For 2024, DSA is projecting $5 million in income and $7 million in expenses. That means we eventually need to come up with $2 million to break even. Treasurer John L. (Red Star) suggested the goal of maintaining a deficit of $821,000-$921,000 which would buy us another year to solve the problem. (That has serious risks, however, as that may use up so much savings that we will not be able to afford a convention in 2025.) With that goal in mind, the NPC should make at least $1.1 million in cuts during this budget cycle.
Like most organizations, the majority of the national DSA budget goes to staff: $3.65 million, which is 72% of our projected income. Over 50% of our current draft budget is devoted to staff. Without asking volunteers to take severance and be laid off, we would have to give up other expenses that members are counting on. This potentially could mean cutting dues share to chapters, slashing the YDSA budget, foregoing in-person events, slashing committee budgets, slashing NEC grants, slashing publications and literature — nearly everything that gives DSA meaning would be on the chopping block.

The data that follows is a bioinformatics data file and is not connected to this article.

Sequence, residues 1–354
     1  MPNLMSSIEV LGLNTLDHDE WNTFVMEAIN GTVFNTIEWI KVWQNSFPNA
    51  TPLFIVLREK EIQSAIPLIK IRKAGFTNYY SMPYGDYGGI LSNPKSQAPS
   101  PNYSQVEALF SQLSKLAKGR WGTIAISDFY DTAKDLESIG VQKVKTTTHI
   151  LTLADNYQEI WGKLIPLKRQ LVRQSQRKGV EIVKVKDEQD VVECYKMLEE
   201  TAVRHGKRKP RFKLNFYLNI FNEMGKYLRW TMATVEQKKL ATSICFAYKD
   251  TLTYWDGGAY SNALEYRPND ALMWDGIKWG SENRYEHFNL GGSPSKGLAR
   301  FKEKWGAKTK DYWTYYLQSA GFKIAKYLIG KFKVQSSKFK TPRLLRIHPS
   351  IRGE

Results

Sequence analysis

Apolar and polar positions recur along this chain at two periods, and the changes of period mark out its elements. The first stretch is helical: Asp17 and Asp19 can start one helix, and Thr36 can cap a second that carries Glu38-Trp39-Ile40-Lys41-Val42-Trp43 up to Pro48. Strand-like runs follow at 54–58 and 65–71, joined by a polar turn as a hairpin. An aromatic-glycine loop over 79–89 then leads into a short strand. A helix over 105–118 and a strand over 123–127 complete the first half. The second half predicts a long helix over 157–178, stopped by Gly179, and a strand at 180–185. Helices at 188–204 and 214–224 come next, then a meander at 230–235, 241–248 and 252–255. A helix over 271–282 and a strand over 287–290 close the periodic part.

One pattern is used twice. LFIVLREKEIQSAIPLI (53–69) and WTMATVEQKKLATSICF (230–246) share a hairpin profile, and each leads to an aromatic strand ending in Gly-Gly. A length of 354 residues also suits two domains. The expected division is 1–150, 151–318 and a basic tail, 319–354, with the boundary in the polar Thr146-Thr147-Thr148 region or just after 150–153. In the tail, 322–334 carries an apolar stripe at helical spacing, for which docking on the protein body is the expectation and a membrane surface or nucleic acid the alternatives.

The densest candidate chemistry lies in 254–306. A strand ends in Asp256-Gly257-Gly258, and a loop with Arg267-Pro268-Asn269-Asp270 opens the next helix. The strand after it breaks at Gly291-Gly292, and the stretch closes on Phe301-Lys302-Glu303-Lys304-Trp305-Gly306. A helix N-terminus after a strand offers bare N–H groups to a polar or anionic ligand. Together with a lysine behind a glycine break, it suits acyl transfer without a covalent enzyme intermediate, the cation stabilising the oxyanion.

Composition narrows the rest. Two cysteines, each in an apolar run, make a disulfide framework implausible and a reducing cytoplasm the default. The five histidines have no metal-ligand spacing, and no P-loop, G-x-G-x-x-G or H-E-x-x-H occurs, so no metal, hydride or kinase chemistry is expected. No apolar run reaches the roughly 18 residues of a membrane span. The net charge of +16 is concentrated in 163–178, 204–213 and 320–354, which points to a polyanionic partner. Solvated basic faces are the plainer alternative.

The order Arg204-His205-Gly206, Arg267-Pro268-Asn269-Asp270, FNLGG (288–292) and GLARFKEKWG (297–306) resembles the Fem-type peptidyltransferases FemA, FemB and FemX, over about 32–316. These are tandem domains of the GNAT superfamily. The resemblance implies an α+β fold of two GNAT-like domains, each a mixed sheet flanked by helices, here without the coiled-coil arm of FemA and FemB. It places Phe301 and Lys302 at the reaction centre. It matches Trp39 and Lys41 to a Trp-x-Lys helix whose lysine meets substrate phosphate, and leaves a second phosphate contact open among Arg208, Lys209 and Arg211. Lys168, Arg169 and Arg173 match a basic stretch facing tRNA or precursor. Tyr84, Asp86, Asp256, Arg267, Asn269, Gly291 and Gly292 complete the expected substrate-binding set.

No caucus or individual NPC member has presented a comprehensive plan to address this issue. B&R has proposed making several significant non-personnel cuts: reducing software costs by $140,000, closing the national office to save $120,000, and economizing travel (such as with room-sharing) or freezing it completely which would save $64,000. Multiple other NPC members have said they want to “try everything” before discussing layoffs, but no one has yet put forward a concrete explanation of how we would do that. We are open to other proposals, but we ultimately believe resources that allow members to lead organizing internally and reach more working class people externally must be protected. Those things are what make DSA special.
What About Dues Share?